Let us call a sparse property that is essentially dispositional a power. David Armstrong thinks that power properties cannot be fit into the actual world in a naturalistically respectable way. This paper shows this to be a problem for anyone who is not a Megarian actualist or a Lewisean modal realist but still wishes to appeal to unrealised possibilities. This is even a problem for Armstrong who tries to get his combinatorial theory of possibility to do the required solving. I show how Armstrong's combinatorialism is supposed to be in keeping with the spirit of actualism without being Lewisean or Megarian and expose some tensions in his efforts to do so. But these tensions aside, I claim that Armstrong's arguments against dispositionalism are still not very cogent. For they hinge on his rather ambiguous picture of naturalism and what he thinks it takes for something to be real. I then proceed to outline a less ambiguous kind of naturalism-Nomic Naturalism-instead. On this picture, we will see that power properties can come out as being naturalistically respectable. I then move on to claim that Armstrong's combinatorial account of truthmakers for modal truths is not the only option available to someone who does not wish to be a Lewisean modal realist or a Megarian actualist. There is a dispositonalist account available. I argue dispositionalism can provide us with a more robust picture of what makes our modal talk true than that offered by Armstrong's combinatorialism or Megarianism. And it does not have to do so in a way that shirks the spirit of actualism or needs to appeal to Lewisean modal realism.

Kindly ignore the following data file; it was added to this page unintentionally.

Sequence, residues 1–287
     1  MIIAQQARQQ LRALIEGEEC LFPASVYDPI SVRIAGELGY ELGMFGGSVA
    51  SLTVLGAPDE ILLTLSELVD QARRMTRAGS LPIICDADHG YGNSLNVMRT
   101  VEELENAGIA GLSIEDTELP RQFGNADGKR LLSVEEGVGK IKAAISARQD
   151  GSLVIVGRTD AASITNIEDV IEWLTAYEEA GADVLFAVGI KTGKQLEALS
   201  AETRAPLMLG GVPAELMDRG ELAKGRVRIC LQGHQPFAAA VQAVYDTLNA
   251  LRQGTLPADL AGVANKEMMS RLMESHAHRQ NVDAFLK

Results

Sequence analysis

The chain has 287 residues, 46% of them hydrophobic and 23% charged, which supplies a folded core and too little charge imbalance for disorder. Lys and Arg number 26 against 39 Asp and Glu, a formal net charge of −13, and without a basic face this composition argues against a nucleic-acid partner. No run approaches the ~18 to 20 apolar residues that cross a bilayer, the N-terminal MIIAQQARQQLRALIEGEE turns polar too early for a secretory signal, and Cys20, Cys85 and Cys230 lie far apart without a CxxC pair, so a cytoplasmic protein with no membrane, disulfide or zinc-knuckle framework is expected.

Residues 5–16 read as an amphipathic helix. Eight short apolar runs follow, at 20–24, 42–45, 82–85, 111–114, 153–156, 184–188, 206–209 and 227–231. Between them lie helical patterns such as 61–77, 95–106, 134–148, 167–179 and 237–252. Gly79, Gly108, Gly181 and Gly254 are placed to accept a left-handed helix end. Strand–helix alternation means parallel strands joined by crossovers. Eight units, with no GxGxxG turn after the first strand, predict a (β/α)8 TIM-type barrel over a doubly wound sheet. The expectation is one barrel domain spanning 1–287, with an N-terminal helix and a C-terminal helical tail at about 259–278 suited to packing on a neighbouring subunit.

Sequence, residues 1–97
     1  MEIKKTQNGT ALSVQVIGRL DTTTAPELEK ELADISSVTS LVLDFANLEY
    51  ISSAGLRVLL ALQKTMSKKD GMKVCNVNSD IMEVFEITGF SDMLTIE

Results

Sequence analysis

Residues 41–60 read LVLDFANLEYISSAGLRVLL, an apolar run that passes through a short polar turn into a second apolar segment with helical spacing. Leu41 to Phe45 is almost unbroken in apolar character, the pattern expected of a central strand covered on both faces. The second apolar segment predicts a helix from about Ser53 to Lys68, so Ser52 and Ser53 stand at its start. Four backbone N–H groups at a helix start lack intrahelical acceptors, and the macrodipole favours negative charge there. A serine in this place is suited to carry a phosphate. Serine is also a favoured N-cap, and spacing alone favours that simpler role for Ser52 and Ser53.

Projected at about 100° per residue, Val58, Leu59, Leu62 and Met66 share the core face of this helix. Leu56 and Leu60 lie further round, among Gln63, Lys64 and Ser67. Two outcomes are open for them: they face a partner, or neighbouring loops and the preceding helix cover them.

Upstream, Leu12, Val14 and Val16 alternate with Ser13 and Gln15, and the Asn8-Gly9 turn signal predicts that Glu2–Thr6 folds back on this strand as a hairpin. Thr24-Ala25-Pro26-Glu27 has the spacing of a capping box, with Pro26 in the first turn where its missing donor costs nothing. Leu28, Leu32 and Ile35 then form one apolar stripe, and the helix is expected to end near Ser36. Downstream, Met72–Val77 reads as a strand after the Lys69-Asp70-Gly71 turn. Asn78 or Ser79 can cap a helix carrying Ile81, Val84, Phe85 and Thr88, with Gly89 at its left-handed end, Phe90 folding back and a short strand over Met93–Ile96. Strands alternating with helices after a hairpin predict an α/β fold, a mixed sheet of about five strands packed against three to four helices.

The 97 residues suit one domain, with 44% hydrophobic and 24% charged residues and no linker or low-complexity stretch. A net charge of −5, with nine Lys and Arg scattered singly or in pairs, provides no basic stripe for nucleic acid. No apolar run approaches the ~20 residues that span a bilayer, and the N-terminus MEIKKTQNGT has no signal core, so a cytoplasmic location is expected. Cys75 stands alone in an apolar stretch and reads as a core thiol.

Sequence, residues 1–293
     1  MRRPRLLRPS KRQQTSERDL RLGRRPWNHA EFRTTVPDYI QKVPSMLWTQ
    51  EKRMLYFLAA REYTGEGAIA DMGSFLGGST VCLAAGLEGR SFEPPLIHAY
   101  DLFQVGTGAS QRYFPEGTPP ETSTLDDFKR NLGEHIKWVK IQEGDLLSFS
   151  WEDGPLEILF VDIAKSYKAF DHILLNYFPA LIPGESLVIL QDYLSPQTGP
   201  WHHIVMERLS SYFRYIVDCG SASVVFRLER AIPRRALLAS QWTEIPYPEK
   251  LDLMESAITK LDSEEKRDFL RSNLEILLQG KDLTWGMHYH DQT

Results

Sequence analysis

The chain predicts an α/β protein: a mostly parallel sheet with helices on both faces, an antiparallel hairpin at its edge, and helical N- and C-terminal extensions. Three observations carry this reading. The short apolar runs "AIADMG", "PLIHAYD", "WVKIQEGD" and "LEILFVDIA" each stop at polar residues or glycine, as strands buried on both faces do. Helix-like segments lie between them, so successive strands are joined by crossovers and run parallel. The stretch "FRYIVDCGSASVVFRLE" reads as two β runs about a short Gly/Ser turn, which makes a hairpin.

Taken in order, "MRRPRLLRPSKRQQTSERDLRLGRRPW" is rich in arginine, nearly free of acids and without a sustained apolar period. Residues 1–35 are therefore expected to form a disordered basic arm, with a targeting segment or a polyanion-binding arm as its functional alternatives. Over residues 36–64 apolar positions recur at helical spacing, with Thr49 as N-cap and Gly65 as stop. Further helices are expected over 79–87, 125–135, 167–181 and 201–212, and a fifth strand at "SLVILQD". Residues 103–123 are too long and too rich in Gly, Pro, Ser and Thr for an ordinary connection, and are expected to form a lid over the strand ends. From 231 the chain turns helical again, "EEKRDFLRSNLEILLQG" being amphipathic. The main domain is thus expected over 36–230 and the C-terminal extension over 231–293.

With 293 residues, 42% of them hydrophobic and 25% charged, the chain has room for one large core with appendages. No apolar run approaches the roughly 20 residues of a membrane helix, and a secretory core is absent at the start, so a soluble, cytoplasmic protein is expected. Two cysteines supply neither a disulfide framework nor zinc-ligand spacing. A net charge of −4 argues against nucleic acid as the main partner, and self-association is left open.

Since the mid-seventies, supervaluationism has been supported because of its capacity to give a conservative semantics for vague predicates and to avoid the so-called sorites paradox. As many opponents point out, however, this framework has something elusive and leaves several things unexplained. Dynamic semantics, which I present here, is introduced to interpret the elusiveness positively from an information-theoretic point of view. Thus the aim of the paper is to present a dynamic semantics for vague predicates as a revised version of supervaluationism.